Schumer offered some very strange logic on the latest tax plan offered by Senate Democrats:
He said there is “broad support” among Democrats on the finance panel to include new fees on insurance premiums, and “some of the Republicans” have said they will consider it. While he declined to discuss how the plan might be structured, he said lawmakers want to find a way to prevent insurers from simply passing the fees on to their consumers.
“If there’s real competition, there’s less likelihood and ability to pass it through” to consumers, Schumer said.
If Schumer’s right that real competition is sufficient to prevent passing taxes through to consumers, then why isn’t the “competition creation” in his proposals sufficient? Either the public plan and Exchange ideas aren’t going to provide real competition, or he’s blowing smoke about competition protecting the consumer from a tax pass through. Unfortunately, I think both may be true.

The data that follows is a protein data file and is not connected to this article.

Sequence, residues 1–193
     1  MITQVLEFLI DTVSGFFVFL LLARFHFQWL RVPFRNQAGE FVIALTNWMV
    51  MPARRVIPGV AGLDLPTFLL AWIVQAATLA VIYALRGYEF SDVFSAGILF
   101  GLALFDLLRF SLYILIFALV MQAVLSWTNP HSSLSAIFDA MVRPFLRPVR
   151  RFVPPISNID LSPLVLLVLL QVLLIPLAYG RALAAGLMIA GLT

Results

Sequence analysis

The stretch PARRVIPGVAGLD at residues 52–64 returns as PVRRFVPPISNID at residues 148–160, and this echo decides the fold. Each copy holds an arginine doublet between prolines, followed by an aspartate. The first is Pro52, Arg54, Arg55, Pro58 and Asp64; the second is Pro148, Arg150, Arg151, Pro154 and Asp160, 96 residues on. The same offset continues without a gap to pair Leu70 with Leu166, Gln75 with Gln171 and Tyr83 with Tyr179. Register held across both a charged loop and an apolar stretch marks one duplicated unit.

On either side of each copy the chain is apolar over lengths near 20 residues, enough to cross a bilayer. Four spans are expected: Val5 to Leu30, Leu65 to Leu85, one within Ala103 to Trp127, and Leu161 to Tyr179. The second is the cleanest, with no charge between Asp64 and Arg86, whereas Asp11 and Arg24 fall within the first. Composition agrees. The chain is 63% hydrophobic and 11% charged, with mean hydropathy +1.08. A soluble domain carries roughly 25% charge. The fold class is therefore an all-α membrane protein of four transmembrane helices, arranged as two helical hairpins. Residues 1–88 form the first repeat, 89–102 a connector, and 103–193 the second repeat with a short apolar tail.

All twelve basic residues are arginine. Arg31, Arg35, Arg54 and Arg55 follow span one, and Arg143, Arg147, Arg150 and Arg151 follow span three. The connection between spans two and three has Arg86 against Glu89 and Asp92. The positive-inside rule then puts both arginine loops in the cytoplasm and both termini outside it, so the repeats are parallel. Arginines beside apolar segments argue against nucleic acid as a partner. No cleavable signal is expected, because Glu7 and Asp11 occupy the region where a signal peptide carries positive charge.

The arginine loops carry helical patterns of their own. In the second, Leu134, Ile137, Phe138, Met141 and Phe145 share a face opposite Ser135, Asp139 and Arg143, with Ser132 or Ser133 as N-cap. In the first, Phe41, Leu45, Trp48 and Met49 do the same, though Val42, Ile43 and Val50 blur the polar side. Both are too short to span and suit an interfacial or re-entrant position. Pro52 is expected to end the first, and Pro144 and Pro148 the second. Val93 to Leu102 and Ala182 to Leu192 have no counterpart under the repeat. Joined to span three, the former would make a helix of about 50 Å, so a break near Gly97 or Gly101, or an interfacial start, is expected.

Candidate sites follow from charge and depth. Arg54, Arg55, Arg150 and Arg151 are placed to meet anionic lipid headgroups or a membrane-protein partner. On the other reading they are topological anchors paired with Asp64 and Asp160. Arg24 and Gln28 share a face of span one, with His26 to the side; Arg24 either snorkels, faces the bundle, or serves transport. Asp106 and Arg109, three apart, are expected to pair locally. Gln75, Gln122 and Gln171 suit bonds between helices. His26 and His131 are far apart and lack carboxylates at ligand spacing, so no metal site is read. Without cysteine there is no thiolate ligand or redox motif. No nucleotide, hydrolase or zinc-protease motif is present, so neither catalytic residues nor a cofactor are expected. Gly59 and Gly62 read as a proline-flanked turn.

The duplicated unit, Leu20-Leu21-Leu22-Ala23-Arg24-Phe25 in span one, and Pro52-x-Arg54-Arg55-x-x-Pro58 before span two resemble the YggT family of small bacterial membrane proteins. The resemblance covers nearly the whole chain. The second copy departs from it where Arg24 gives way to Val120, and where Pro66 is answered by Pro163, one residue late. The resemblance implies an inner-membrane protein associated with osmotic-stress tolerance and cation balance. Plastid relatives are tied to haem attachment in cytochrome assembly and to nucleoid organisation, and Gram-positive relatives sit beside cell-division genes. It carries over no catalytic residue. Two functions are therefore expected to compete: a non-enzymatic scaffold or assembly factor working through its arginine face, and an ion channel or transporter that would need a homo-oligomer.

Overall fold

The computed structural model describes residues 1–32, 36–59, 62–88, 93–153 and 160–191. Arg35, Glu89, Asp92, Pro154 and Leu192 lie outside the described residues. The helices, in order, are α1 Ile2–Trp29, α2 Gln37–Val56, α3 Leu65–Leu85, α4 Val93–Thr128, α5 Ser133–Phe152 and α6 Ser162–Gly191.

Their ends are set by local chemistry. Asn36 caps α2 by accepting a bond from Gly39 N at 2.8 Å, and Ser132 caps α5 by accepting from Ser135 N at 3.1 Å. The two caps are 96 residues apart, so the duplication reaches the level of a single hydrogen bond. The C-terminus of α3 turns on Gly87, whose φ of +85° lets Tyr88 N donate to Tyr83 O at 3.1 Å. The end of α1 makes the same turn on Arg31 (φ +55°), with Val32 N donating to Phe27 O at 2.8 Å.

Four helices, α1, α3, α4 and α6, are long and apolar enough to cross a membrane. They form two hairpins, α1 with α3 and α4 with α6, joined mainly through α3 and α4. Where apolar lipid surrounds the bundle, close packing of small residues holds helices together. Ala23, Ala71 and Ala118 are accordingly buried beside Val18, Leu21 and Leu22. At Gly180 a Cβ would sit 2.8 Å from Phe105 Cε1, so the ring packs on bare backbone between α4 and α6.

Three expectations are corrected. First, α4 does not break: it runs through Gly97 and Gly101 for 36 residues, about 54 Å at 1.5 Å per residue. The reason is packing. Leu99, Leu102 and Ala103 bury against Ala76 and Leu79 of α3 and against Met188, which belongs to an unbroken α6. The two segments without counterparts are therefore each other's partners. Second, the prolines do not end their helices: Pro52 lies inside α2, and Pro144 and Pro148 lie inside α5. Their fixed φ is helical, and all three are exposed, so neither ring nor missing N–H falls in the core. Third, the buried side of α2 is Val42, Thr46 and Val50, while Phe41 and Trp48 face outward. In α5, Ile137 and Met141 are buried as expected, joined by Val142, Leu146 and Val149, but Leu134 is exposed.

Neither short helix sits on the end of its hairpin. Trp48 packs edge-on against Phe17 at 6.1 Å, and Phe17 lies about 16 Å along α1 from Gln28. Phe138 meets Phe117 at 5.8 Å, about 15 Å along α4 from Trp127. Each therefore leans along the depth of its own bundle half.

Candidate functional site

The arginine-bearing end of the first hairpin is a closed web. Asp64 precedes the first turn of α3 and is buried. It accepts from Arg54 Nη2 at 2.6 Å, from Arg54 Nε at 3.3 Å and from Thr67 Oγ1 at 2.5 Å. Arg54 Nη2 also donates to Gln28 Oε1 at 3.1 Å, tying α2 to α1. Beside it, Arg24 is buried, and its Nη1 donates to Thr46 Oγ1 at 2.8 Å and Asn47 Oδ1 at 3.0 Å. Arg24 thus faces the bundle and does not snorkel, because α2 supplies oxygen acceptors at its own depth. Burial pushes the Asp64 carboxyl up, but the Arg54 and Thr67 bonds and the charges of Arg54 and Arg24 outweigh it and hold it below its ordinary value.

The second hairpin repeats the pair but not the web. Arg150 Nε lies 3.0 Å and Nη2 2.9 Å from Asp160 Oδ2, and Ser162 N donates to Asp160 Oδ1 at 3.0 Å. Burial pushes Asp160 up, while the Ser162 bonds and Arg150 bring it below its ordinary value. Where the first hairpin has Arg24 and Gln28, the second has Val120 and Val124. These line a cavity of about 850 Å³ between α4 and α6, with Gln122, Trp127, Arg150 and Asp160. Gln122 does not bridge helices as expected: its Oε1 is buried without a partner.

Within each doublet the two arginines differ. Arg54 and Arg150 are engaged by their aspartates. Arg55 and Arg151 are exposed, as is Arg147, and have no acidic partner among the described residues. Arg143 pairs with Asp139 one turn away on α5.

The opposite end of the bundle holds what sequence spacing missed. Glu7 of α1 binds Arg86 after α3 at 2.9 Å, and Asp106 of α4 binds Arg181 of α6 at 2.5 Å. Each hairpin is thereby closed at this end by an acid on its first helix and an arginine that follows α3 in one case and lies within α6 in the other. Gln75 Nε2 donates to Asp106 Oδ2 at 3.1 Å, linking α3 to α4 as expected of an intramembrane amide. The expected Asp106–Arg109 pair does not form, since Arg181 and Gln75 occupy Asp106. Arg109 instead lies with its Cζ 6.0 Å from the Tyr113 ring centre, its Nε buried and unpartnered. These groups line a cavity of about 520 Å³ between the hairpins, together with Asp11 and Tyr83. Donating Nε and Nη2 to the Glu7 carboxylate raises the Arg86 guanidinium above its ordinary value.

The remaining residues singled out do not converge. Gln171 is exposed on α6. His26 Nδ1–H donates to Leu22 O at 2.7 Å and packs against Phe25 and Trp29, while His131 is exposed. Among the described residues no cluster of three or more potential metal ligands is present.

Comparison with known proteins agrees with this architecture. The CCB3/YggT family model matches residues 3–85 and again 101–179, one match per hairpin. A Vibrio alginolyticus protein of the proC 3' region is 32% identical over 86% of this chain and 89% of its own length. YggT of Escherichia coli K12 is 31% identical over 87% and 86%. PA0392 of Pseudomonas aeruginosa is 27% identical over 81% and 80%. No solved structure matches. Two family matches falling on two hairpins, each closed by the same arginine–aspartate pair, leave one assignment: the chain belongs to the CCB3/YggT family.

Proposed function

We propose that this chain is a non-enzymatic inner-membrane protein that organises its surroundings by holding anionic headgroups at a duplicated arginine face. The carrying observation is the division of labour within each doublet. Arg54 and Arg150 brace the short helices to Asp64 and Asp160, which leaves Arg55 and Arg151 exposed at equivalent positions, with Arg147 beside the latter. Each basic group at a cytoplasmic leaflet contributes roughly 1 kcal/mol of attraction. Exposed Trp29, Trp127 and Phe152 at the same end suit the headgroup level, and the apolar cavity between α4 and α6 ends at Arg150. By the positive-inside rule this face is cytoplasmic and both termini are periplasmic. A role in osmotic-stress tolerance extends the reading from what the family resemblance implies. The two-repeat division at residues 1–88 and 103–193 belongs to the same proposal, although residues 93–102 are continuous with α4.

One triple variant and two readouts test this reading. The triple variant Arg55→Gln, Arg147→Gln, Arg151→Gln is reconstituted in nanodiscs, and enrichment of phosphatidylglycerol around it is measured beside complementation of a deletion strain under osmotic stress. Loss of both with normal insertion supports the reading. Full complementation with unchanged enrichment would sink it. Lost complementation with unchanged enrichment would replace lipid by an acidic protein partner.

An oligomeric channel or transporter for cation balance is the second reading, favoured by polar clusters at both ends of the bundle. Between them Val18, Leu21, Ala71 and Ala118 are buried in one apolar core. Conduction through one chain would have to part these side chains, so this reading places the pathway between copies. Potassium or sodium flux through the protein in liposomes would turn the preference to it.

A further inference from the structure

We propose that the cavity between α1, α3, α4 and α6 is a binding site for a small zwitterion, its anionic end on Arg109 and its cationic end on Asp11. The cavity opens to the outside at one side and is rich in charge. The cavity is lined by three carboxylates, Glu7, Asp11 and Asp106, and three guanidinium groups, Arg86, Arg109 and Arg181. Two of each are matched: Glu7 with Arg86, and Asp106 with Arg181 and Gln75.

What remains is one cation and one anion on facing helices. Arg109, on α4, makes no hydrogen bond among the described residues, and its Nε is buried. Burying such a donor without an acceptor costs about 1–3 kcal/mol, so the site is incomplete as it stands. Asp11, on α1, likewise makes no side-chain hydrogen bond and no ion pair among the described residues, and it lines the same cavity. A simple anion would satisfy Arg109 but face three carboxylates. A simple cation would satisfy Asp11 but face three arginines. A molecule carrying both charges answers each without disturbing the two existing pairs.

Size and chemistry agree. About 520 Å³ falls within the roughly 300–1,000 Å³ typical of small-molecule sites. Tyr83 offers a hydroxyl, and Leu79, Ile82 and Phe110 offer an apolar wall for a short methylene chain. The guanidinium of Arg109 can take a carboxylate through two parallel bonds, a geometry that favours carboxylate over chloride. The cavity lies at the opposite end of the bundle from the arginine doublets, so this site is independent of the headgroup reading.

And since when does a competitive market place make it harder to pass along a tax hike? Higher taxes would normally reduce the quantity supplied and/or raise the price. However, if you legislate that the quantity supplied can’t decrease — like in this same proposal to pass individual mandates for health insurance — the tax incidence will almost surely be squarely on the consumer.
Therefore, what Schumer is really saying is that he’s going to raise the cost of insurance in order to pay for insurance.
And if that makes sense to you, you’ve been reading too many healthcare reform proposals.